“Today you are You, that is truer than true. There is no one alive who is Youer than You.”
My nephew and I, who both live with disabilities, have had a year of changes.
Many of the changes were external. I've watched my nephew grow in leaps and bounds as he started high school. I've also seen resources stretched, learned about IEP ins and outs, and realized myself how little I knew last year about what was about to happen this year on his educational journey.
Our educational system makes it inordinately difficult for children with disabilities to get an education. There are information gaps, snafus with communications, and time consuming, unnecessary oversights that sap the energy of the most devoted parent. How sad that many educators still don't get that every child is precious, no matter that he or she doesn't fit a preconceived mold. So much effort, it seems, is put into forcing children to fit that who they are can get lost and, even worse, the gifts a child does bring to the table are ignored.
Dr. Seuss would be appalled.
Don't get me wrong. I was never naive enough to assume the changes this year that both of us encountered would be easy. Nor would I ever teach my nephew not to expect some frustrations and difficulties when facing change. That's part of life. It is the ignorance toward disabilities, the accommodations required and the disrespect toward children with disabilities inherent in the ableist attitudes of some educators that I can never condone.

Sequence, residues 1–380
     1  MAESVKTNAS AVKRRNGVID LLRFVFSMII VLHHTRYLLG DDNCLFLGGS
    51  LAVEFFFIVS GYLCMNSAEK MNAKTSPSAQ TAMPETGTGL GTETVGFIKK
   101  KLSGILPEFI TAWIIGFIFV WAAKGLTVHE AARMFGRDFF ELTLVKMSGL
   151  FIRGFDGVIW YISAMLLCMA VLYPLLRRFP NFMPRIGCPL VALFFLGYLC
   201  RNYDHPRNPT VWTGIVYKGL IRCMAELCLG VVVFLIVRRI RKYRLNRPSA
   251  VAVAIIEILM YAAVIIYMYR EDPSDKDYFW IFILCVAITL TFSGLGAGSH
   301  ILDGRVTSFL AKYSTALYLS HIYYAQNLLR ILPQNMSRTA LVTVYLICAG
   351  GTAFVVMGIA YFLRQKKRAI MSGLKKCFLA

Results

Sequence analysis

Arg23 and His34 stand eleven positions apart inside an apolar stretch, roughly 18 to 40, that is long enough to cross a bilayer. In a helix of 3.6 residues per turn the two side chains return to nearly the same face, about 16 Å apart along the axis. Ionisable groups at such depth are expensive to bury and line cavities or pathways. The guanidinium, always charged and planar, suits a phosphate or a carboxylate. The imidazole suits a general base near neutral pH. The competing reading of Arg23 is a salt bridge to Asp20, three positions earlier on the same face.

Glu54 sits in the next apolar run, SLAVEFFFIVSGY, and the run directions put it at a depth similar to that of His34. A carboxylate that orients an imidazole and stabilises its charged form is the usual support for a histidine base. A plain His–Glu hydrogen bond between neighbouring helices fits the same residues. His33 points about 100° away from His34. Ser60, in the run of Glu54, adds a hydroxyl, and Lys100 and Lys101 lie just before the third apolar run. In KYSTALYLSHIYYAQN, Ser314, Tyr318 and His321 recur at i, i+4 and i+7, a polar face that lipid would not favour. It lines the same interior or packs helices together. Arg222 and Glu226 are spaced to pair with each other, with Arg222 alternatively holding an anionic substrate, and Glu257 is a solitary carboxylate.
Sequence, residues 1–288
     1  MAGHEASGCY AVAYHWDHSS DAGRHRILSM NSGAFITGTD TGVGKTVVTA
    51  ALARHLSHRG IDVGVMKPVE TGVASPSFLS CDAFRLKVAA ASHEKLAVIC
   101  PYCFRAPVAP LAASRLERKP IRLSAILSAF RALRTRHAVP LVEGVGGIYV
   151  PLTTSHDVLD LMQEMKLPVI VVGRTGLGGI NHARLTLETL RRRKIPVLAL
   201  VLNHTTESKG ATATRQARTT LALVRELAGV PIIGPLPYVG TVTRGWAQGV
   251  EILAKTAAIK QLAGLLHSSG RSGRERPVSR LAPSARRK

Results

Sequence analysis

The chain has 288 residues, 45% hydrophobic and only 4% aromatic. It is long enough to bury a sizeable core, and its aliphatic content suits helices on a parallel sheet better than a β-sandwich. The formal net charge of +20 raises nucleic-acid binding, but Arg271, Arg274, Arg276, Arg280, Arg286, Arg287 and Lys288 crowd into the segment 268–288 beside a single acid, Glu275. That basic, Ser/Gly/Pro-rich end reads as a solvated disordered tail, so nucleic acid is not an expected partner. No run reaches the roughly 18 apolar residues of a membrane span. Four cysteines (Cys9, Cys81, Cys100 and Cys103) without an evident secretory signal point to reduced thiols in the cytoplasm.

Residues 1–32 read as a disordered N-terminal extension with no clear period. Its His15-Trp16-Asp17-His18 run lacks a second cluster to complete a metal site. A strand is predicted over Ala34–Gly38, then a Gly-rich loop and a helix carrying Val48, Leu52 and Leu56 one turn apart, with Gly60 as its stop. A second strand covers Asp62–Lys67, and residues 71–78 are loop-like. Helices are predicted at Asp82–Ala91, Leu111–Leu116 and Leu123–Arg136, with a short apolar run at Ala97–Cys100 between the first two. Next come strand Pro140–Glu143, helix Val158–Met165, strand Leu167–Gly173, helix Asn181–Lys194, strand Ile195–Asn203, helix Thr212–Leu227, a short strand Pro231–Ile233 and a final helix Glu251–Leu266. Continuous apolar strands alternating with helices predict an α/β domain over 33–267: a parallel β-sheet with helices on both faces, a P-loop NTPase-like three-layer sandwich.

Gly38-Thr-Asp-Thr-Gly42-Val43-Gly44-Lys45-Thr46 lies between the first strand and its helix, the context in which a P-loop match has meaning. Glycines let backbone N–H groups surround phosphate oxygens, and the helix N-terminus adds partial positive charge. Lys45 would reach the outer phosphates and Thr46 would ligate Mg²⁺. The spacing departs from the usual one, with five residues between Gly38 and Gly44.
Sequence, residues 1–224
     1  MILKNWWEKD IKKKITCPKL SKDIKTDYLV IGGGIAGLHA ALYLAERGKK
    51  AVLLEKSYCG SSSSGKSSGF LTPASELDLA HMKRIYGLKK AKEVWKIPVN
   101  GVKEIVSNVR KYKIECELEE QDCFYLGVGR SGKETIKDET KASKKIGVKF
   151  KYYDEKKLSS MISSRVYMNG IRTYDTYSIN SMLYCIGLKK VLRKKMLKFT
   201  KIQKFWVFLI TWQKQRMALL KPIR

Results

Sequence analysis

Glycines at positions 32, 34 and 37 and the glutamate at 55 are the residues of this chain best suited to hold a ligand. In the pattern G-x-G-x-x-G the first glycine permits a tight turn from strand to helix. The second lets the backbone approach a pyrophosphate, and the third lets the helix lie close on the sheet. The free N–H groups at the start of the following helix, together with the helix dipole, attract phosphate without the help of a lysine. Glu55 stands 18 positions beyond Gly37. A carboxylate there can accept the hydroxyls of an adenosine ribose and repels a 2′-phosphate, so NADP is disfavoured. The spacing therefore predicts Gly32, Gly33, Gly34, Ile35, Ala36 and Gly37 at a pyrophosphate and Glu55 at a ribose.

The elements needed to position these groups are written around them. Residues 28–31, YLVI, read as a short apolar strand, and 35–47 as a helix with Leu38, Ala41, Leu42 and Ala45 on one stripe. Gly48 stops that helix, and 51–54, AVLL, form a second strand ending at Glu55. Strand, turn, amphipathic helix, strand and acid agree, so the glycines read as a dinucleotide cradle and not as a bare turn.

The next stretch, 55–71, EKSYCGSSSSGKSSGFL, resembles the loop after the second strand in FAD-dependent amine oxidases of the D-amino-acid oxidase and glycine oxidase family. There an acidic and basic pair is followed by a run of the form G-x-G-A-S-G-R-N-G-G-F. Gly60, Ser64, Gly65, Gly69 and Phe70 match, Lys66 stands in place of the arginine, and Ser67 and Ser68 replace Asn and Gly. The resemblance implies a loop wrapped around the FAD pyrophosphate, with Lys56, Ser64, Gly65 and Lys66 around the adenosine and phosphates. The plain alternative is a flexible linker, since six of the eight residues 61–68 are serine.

As an adult living with quadriplegia, I've long ago made peace with the fact that I'll encounter ableism from time to time. It's out there and a fact of life. Whether I'm doing things differently or depending on physical help, some see that as "less than" . Never mind that some accommodations make me more productive and that living with a disability has been an invaluable asset in many ways - there are those who judge so quickly that they lose out on learning about the rich diversity of other humans and assume negative things. This is part of why so many people with disabilities who want to work can not.
But I am much more concerned about our children with disabilities, because keeping them from accessing an education suited to their abilities makes it so difficult for them to be who they are. College prep isn't useful for everyone. Having a job isn't for everyone, but realistically preparing for a child's future should never be seen as a waste of resources or completely overlooked.
Until we value everyone's humanity, our social systems, including our educational system, will fall short of providing our kids with what they need. I know advocates and parents continue to work to improve the educational system's failure to respond to the needs of our children.
In the meantime, we can teach them to Be the Youest of You as we love them through their journey in an ableist world.
[This post was submitted to Blogging Against Disablism Day. You can read more posts here. ]